Women still struggling in Hollywood: study

  | January 23, 2013 17:10 IST (London)

Zero Dark Thirty director Kathryn Bigelow at the Golden Globe Awards on January 13, 2013. (Photo: AP)

Only nine percent of directors of the top 250 grossing Hollywood films in 2012 were women, a study has found.

Only nine percent of directors of the top 250 grossing Hollywood films in 2012 were women, a study has found.
The Centre for the Study of Women in Television and Film at San Diego State University said that despite the low figure, it was a four percent increase from the numbers in 2011, BBC reported.
The research found women comprised 18 percent of all directors, executive producers, writers, cinematographers and editors.
It also showed women were more likely to work in the documentary, drama and animated film genres.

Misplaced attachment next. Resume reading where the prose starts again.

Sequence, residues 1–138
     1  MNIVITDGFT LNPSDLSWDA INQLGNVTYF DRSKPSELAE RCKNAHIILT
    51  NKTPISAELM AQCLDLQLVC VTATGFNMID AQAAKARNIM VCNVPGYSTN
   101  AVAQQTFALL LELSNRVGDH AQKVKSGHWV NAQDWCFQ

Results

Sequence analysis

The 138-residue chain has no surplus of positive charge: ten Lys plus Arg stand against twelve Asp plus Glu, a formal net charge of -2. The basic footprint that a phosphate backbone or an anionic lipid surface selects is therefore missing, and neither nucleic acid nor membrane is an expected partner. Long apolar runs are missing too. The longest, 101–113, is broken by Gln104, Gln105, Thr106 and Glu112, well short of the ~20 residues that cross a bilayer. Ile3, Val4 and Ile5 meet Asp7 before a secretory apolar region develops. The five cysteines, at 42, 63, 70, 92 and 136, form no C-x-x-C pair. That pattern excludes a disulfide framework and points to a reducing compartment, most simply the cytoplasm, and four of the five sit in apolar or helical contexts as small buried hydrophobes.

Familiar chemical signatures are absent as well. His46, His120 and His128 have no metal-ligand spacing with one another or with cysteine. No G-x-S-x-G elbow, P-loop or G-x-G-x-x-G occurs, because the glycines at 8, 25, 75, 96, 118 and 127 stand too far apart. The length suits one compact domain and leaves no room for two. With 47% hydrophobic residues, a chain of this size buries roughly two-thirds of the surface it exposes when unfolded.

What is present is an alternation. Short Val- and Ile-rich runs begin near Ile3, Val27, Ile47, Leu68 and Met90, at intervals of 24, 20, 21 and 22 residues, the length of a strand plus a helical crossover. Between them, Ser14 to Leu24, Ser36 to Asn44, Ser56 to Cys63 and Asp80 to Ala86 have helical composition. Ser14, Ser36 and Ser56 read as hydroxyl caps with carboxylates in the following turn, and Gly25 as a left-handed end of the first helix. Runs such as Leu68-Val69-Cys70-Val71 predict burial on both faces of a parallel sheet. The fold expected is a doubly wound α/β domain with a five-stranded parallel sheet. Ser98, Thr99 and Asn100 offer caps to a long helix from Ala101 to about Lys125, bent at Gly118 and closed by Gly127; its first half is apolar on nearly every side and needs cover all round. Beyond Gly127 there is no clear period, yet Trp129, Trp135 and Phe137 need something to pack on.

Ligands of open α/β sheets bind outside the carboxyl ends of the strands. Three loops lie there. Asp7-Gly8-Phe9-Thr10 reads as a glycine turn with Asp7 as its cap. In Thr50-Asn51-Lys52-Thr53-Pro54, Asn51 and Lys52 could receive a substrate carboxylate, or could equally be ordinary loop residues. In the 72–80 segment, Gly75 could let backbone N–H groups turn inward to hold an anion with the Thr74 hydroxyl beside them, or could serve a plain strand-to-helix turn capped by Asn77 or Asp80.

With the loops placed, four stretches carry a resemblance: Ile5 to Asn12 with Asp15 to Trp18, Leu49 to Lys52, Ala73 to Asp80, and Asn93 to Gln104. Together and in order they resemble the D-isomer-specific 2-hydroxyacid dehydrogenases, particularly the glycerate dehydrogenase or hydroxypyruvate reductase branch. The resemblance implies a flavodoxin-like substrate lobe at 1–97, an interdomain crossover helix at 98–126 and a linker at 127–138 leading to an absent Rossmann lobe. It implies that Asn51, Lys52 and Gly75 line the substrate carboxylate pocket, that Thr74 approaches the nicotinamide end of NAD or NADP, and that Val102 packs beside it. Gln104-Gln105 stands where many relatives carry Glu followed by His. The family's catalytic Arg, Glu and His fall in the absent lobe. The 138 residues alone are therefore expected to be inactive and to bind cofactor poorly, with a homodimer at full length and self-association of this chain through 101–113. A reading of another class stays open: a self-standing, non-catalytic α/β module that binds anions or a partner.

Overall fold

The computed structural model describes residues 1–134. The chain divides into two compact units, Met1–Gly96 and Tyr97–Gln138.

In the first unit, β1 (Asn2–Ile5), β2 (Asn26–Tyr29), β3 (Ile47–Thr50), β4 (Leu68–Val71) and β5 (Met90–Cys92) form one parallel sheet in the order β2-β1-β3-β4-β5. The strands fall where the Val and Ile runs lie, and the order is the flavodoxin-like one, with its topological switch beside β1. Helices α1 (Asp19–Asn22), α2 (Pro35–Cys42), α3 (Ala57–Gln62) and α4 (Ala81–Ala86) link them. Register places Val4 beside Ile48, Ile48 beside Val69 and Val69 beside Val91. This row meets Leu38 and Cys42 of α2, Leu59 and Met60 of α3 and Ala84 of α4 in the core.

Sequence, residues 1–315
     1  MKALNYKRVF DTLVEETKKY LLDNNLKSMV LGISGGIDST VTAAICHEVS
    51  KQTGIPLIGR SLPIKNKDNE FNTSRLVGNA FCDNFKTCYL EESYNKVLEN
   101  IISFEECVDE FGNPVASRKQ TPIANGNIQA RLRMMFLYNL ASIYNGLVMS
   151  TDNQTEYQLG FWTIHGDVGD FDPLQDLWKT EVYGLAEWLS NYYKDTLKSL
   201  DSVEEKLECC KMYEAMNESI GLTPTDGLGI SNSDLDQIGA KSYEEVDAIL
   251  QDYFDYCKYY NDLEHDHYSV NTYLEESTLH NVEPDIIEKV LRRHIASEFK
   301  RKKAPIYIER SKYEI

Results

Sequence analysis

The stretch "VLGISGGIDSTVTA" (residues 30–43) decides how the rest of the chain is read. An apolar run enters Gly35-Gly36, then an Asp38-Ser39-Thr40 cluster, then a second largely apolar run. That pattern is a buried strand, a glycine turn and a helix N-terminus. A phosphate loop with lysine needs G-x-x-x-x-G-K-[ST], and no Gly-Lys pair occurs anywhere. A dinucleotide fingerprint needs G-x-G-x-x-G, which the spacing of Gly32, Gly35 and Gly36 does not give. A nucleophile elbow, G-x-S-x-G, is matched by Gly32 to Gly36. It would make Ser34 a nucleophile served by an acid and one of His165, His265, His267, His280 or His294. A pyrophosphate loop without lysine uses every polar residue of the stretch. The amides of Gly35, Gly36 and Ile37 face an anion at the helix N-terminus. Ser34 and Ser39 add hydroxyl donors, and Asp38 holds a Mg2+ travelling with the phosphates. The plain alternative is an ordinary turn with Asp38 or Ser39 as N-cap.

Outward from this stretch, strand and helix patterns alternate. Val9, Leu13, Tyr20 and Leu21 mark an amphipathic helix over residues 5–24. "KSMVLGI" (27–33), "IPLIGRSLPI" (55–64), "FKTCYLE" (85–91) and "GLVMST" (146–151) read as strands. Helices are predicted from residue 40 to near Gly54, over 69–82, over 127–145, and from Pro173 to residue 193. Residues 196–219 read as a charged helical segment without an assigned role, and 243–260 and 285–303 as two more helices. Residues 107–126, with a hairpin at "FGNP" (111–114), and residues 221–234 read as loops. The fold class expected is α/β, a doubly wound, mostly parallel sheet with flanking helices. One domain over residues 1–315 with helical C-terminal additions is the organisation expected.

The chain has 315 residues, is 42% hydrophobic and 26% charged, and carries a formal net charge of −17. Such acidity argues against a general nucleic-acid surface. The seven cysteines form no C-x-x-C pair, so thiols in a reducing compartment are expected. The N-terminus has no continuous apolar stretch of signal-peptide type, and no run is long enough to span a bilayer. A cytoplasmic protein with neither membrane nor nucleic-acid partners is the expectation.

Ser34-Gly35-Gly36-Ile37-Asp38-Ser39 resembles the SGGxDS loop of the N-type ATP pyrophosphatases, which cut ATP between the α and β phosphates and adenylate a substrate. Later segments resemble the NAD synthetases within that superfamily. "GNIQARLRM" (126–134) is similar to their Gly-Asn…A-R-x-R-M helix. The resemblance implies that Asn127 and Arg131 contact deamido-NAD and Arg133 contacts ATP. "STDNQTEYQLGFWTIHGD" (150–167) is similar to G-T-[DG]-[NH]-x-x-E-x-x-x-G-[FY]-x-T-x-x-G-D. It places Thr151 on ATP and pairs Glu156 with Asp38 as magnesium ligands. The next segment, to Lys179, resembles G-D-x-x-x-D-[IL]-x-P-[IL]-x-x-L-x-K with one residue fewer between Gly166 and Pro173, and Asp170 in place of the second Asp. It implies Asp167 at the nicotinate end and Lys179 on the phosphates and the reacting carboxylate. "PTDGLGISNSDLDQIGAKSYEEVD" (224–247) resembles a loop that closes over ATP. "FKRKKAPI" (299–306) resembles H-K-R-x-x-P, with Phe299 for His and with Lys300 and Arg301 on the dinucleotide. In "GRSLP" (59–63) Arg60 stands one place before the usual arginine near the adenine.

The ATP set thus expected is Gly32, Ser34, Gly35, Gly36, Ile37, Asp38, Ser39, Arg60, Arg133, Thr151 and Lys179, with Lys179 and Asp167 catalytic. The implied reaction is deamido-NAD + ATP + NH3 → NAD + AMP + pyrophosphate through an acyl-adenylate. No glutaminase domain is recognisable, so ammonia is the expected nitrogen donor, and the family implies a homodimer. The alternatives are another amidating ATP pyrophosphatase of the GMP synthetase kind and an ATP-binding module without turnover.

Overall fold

The centre has been conducting the industry survey for more than a decade to track trends, BBC said.
The number of female producers has held steady at 25 percent for the past two years, while female writers rose to 15 percent, up from a low of 10 percent in 2006.
The number of female editors between 1998-2012 has remained fairly constant in the 20-21 percent range.
Cinematographers have fluctuated between 2-4 percent, although figures for 2012 were on the low end of the range. No women have made it onto the shortlist for best director at this year's Oscars.
Zero Dark Thirty is the only Best Picture nominee to have been directed by a woman, Oscar-winner Kathryn Bigelow.
Another study by the Sundance Institute and Women in Film in Los Angeles showed women fared better in the independent film sector.
Looking at films shown at the Sundance Film Festival over the past decade, and accounting for 820 narrative and documentary films, researchers found women represented 29.8 percent of 11,000 filmmakers.
There are more women working in documentary films than narrative films.
Study director Stacy Smith said "as commerce moves in, females move out". The study also found that films directed by women employ greater numbers of women behind the camera than those made by men.

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